New cars won’t need an MOT for four years under new proposals
The government has revealed plans to extend the period before a new car requires an MOT test from three years to four years – a move that could save 2.2 million drivers a combined £100m a year.
These proposals also mean that those who lease their new car are unlikely to ever have to pay for an MOT certificate during their contract, unless the term exceeds a four-year period.
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Currently undergoing public consultation, this move would bring the UK in line with many European countries and could change as early as next year.
In 1967 the MOT-free period was reduced from ten to three years, and now that manufacturing has improved and cars are fitted with safer technology it means new vehicles stay roadworthy for longer.
Commenting on the consultation, transport minister Andrew Jones said: “We have some of the safest roads in the world and MOT tests play an important role in ensuring the standard of vehicles on our roads.
“New vehicles are much safer than they were 50 years ago and so it is only right we bring the MOT test up to date to help save motorists money where we can.”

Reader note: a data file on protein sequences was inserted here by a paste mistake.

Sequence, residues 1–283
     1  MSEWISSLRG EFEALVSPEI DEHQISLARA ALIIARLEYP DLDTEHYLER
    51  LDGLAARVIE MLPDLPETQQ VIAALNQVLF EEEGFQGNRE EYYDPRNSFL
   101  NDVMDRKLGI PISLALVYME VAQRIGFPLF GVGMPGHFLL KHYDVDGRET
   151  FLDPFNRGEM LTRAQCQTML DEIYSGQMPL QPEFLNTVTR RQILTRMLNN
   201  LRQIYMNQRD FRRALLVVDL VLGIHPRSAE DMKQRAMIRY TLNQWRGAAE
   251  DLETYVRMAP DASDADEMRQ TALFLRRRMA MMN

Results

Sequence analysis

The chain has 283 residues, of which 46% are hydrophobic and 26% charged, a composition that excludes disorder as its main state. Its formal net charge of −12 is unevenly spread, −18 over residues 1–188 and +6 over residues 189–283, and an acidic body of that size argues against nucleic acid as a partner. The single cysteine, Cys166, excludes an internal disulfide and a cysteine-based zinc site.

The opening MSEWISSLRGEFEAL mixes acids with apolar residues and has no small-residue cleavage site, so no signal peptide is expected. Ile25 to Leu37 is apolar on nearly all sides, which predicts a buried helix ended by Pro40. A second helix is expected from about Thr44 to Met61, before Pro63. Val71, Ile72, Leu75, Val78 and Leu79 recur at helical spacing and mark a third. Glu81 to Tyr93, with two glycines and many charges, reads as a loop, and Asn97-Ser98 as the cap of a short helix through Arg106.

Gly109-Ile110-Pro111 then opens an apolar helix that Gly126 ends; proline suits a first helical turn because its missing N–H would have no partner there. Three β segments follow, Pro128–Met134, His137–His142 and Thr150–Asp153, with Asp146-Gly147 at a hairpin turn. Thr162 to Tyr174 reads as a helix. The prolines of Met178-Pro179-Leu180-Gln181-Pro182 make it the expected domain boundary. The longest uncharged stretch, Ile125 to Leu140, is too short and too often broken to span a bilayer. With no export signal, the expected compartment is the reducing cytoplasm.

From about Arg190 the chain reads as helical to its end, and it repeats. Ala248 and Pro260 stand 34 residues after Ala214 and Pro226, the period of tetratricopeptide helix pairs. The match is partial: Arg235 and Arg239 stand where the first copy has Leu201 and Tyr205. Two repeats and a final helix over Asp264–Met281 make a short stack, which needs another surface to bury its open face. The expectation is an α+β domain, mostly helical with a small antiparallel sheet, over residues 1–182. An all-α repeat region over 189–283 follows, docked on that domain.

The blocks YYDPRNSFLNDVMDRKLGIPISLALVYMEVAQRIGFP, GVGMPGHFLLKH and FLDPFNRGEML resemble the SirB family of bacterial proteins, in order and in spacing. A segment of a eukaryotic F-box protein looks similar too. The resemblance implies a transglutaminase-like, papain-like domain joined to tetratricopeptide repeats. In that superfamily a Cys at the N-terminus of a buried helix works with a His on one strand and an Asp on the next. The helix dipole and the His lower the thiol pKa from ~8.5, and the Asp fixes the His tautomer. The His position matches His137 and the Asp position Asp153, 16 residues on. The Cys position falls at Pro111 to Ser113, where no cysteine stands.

Vehicles must currently undergo the test on the third anniversary of their registration and every 12 months once they are over three-years-old.
It is a legal requirement that all vehicles are roadworthy and as such the content of the tests – including checking lights, seatbelts, tyres and brakes, and emission levels – will not be changed.
More than 2.2 million cars each year have to undergo their first MOT test, with a fine up to £1,000 enforceable for driving without an MOT.
According to the Driver and Vehicle Standards Agency, the most common reason for a car to fail their first test is due to faulty lights.
In addition, almost half of faults found during all MOT tests could be avoided by carrying out simple checks and maintenance, including replacing bulbs, checking tyres and oil as well as ensuring windscreen wipers work.
If you would like to have your say, you can find the consultation here.